Few places can boast irrational, draconian blue laws quite as well as the Deep South, with the hamlets that dot the rolling hills of north Mississippi being far from the exception. Laws which are intended for the benefit of public safety and a general (and highly debatable) sense of the societal good are oftentimes simply enacted by power-happy big fish swimming about their unassuming small ponds. The alcohol laws in place in Lafayette County, Mississippi are prime examples of this, as where one can drink, what one can drink, what one can drink and where, as well as how certain beverages must be sold to consumers have all been governed by laws that defy sensible explanation.
Let's review, shall we?
- Beer is technically not legal on the Ole Miss campus, but liquor is.
- Since the outfield of Swayze Field is technically not on the Ole Miss campus, the aforementioned rule does not apply there - but only there, as one cannot expect to drink elsewhere in or around the stadium without reproach.
- Alcohol cannot be sold on Sundays. This law was partially amended a few years ago when Oxford's aldermen decided to allow sales on certain Sundays during which there would be more people in town who, presumably, would spend more of their hard earned dollars at local restaurants if alcohol were available. These special Sundays are mostly those after home football games and big events such as festivals and concerts. This is because Sunday is the sabbath, and therefore a day to be kept holy, except when the local city government can make a little bit of money on it.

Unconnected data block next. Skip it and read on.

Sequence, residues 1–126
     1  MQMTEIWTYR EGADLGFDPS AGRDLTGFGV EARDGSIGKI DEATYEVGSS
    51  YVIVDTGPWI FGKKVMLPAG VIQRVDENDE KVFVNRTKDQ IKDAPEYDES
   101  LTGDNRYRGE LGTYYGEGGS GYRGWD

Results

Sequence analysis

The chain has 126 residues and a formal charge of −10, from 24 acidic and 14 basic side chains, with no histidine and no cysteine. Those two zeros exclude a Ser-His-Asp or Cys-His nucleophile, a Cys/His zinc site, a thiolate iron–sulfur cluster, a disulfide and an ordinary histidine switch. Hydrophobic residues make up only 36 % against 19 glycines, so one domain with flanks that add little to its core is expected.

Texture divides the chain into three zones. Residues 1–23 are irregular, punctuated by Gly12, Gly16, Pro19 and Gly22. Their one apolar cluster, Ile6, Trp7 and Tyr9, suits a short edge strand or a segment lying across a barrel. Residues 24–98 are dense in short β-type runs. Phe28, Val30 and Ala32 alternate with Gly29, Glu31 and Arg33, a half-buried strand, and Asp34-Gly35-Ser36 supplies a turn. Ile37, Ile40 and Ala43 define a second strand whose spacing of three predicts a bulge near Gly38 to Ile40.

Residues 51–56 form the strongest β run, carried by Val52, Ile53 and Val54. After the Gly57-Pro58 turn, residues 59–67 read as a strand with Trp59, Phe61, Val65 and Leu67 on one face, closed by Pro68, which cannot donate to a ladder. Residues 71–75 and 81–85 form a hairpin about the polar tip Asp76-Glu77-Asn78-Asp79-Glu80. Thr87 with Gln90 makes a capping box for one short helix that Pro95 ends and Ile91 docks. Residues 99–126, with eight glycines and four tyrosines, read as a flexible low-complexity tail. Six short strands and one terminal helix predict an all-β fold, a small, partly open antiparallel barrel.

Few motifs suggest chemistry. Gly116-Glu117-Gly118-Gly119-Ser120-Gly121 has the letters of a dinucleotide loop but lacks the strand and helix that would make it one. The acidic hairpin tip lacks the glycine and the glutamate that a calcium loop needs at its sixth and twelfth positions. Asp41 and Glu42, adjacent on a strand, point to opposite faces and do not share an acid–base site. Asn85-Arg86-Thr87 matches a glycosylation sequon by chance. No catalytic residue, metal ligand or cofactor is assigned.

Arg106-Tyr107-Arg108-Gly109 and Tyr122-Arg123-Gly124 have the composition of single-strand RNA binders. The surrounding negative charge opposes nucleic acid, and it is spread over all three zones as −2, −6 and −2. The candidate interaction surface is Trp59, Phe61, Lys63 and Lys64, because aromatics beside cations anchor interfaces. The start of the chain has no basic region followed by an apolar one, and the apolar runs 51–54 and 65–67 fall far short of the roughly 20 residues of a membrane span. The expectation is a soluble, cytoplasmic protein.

- Beer cannot be sold cold unless being sold by the individual drink or, get this, in a keg. One could get a cold beer at a bar, or buy a cold keg from any manner of stores in town, but a cold six pack or case of beer is a no-no. There are all sorts of rumors as to why this is the case - everything from a former ice baron taking hold of the Oxford government (of course) to drinking and driving concerns - but the long and short of it was that beer drinkers and mongers alike have come up with methods to skirt this regulation and ensure that cold suds make their way to drinkers' lips. This means that everything from elaborate beer cooling schemes, to what was essentially an outdoor beer store using good ol' mother nature* to regulate her product's temperatures, to Sunday afternoon treks to Marshall or Panola Counties to procure legal brew have become a part of the Ole Miss student culture.
- The former is somewhat more laughable when you realize that chilled wines and spirits are not against the law, so one could buy a quart of cold Jägermeister from a liquor store, but not even the weakest, wateriest of beers.